Nope, no IE6 at all which is a massive help. IE7 and IE8 we had to support on the last project we rolled out. I was the sole front-end dev on SkyBet.com and that took about a year or so; I managed to get it done with no IE stylesheets—as I said before, we’re given more than enough time to make sure we do our work properly so there’s often very little need to hack front-ends together. At an agency, where you typically have much less time, cross-browser support is often more of a pain than at a big in-house team.

Let’s talk about your work setup. Which hardware and software do you use for your everyday developing needs?

At work I run a dual-screen Windows PC with Notepad++, Git, Photoshop, Chrome and Spotify as my main tools of choice. I also have a 17″ MacBook Pro.

At home I run a MacBook Air with the same software as above but TextMate as my text editor.

(I much prefer Mac to PC, obviously…)

That’s pretty simple and straight forward, but no external display at home? I am sorry you’ve to work on Windows all day. I had the pleasure for two and a half years at one of my old jobs. Luckily I can work all day with my own MacBook Pro since nearly one and a half years now.
Ever used a CSS preprocessor and languages like LESS and SASS? What do you think about them?

Yeah, I do also have an external display at home for my Air but I tend not to use it (I do most of my coding away from the desk, if I can). The Windows thing was my own choice, but I became a Mac convert about a month after starting here at Sky (having opted for a Windows desktop). My own fault!

Pre-processors aren’t really my thing. I installed Sass at the weekend and it’s cool, but the way I write my CSS means that a pre-processor won’t actually help me all that much.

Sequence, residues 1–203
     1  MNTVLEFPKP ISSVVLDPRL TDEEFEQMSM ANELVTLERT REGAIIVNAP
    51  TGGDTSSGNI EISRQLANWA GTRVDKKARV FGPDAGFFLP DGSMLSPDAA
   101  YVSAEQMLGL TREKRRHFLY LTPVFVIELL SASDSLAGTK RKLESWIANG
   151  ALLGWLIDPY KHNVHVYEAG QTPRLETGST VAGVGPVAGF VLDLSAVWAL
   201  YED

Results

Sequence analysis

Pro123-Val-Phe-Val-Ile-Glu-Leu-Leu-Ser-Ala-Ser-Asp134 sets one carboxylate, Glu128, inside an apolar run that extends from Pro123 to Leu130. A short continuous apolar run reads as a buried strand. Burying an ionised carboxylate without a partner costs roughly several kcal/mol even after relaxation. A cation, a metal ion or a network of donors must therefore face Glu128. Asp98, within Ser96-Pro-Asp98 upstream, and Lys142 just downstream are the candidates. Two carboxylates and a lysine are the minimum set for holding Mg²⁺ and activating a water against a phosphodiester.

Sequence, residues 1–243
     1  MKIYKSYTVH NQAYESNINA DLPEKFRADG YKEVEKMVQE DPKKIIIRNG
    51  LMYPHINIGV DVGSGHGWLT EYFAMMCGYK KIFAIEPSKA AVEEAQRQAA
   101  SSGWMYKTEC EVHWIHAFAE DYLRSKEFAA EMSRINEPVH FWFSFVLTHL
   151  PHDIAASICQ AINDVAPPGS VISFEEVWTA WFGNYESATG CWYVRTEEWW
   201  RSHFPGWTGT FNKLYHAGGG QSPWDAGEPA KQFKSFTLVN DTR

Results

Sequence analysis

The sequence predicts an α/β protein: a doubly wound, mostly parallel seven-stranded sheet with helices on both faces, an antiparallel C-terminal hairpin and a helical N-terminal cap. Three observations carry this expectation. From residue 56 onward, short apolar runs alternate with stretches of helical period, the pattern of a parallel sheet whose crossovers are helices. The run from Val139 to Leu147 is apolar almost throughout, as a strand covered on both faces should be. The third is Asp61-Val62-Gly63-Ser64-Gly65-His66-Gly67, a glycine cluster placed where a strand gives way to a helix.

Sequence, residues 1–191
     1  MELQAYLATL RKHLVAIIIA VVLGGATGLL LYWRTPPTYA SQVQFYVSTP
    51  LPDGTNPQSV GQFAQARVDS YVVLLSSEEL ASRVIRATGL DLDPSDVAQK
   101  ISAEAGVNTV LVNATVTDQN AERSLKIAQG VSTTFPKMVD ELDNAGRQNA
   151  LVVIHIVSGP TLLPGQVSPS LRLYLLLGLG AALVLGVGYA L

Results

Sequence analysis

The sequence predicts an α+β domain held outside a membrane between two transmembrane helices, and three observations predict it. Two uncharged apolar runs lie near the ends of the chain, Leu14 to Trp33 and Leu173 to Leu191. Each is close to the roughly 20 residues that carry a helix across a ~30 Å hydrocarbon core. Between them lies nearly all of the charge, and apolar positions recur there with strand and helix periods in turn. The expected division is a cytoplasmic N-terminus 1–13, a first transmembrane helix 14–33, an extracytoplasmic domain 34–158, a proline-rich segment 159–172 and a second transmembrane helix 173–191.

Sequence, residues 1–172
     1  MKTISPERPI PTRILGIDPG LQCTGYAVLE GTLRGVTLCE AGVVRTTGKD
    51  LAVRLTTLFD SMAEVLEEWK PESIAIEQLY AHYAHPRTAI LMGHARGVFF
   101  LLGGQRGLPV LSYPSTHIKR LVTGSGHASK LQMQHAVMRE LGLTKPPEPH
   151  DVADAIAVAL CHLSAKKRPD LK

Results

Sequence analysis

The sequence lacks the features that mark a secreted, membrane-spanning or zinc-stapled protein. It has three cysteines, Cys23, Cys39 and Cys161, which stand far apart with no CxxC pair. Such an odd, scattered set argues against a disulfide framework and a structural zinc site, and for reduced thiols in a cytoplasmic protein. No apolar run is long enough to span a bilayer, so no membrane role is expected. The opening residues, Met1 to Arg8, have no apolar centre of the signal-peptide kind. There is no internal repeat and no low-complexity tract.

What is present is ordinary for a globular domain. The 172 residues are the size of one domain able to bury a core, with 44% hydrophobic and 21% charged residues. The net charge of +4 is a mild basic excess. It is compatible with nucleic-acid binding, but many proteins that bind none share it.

I’ve spent the last year or so really honing and refining an OOCSS approach in vanilla CSS and this largely negates the need for a pre-processor entirely. Where I imagine they may be useful is variables and vendor prefixes but mixins and nesting et al can often be circumvented entirely by just architecting your CSS properly.

I use LESS and am very happy with it but one has do be very careful not to fall in some traps with preprocessors. But I will take a closer look at Object Oriented CSS, thanks.
How many hours a week/day do you invest in doing personal work in the evenings?

I think they’re good, but need to be used properly. To say pre-processors are bad would be like saying knives are bad; it’s not the tool, it’s the person who’s wielding it! I’m looking forward to trying to roll some Sass into my workflow, if I can.

Oh a lot. I couldn’t give an exact number but it’s high. Most of my time lately has been spent preparing for a talk I gave at Front-Trends in Poland and also working on faavorite, so not as much writing as I usually do.

I’m hoping with talks out of the way I can redesign my site (it really needs it!) and get writing more.

Speaking of Front-Trends. I read your write-up and am very excited and want to be there next year. What was it like to be on a stage that big and do you plan on speaking a lot more at conferences in the future?

It was absolutely terrifying. The most people I’d ever spoken to before was about 50 in a small room in Barnsley; a tiny little town in the north of England. Front-Trends was 470 and I was so nervous.

That said though, the entire Front-Trends experience was the best thing I have ever done in my life. I’ve never had so much fun! Despite my nerves my talk went well (or so people have told me; it was all a blur for me) and I’m definitely up for doing more.

Cool! Do you know if the talks were recorded and will be up on YouTube or the Front-Trends site?

Yeah they were, I’m not sure when they’ll be up though—there were ten hours of talks! I’m not looking forward to seeing mine too much; I imagine the nerves will show.

Let’s talk about your newest project: faavorite.com. What is it about, how did the idea come up and who do you build it with?

faavorite is the result of two developers’ frustration with the way Twitter handles (or rather, doesn’t handle) their favorites feature. We basically built an app that lets you search, organise, tag, discover, read (and more) your (and other peoples’) Twitter favorites. It’s pretty awesome…

It’s a project by me and Nick Payne. It’s been really fun working on such an involved and massive project with someone who is first and foremost a friend, I’ve loved it. faavorite is still well in its infancy at the moment, there’s lots more to come.

QUOTE.fm also started out as a side project with two friends and now we able to do it full time and hired an iOS developer. So good luck with faavorite!
How long did the development take until now and if you have to name one or two things, what did you learn?